Wednesday, April 14, 2010

Heaven on their minds

This is fun. By way of Andrew Sullivan's blog at The Atlantic online, I found this review of After Lives: A Guide to Heaven, Hell, and Purgatory, a history of the evolution of the nature and shape of those afterlives. Having finished this term teaching Paradise Lost, in the course of which I always do a riff on the geography of Heaven and Hell as imagined by Milton—in contrast, most specifically, to Dante—this is a book I think I need to add to my summer reading. I was asked by a student when we started imagining Heaven as being a giant cloud inhabited by bewinged, harp-playing angels, and I had no answer. Aside from those asinine Philly Cheese commercials, I honestly couldn't tell you.

This is my favourite part of the review:

Many writers on heaven, from Philo of Alexandria onwards, are inclined to stress the intellectual delights of heaven. Philo seems to think that all the saved will be able to indulge in philosophy seminars, making heaven a kind of Oxford graduate college, like All Souls. My own favourite is the image of some medieval rabbis, who saw heaven as a vast, quiet, peaceful library, where books jumped down from the shelves when you nodded to them, and soft-footed librarians dispersed cooling mint drinks.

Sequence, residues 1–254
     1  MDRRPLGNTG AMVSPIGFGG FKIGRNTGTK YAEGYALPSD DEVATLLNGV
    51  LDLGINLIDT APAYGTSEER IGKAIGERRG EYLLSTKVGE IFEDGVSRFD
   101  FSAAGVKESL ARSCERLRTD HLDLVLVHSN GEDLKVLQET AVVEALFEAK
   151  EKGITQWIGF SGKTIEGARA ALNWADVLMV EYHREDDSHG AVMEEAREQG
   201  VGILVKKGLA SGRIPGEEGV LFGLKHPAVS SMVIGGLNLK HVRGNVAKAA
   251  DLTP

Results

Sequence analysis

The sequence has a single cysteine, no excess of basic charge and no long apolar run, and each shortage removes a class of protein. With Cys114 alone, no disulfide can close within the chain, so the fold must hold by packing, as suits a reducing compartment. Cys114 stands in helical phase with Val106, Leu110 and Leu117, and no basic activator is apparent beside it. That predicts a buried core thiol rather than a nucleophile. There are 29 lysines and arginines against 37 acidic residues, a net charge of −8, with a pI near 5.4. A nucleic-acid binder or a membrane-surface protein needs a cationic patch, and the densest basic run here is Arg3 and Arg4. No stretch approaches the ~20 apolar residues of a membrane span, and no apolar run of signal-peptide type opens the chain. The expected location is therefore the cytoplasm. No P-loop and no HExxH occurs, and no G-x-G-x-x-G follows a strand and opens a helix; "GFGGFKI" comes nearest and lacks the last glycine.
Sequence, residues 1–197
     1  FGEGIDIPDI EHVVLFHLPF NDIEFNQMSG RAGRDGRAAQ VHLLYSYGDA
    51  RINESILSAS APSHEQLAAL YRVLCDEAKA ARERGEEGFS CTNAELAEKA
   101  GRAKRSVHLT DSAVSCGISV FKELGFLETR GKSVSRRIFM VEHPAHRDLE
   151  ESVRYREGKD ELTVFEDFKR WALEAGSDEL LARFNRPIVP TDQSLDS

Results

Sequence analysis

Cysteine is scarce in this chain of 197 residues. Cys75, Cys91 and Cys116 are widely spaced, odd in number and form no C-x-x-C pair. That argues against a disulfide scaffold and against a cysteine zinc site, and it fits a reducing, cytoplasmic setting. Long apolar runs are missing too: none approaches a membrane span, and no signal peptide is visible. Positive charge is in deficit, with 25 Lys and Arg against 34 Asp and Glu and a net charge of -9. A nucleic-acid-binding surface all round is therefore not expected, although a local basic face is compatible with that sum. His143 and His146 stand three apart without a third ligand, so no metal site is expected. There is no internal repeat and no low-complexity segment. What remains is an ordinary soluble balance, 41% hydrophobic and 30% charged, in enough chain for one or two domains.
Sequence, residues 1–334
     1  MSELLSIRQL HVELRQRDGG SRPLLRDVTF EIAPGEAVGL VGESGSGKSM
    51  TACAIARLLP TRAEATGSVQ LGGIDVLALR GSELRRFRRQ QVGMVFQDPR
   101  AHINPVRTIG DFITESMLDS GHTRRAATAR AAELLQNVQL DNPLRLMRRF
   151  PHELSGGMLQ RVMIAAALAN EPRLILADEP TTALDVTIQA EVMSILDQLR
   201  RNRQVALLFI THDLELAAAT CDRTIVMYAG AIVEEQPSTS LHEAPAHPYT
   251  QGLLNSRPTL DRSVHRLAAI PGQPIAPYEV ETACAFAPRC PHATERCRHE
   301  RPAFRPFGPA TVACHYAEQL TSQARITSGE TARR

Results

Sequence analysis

That sounds pretty good to me.


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SOS said...

As I study Paradise Lost (and your blog), I look around the MUN library and I wonder....where's my damned mint drink? I'm trying to make a heaven of this hell, and I want my damned mint drink.

P.S. That Philly Cheese lady has been dipping into the product. Her heavenly thighs are no more. They fired her and told her to go to hell.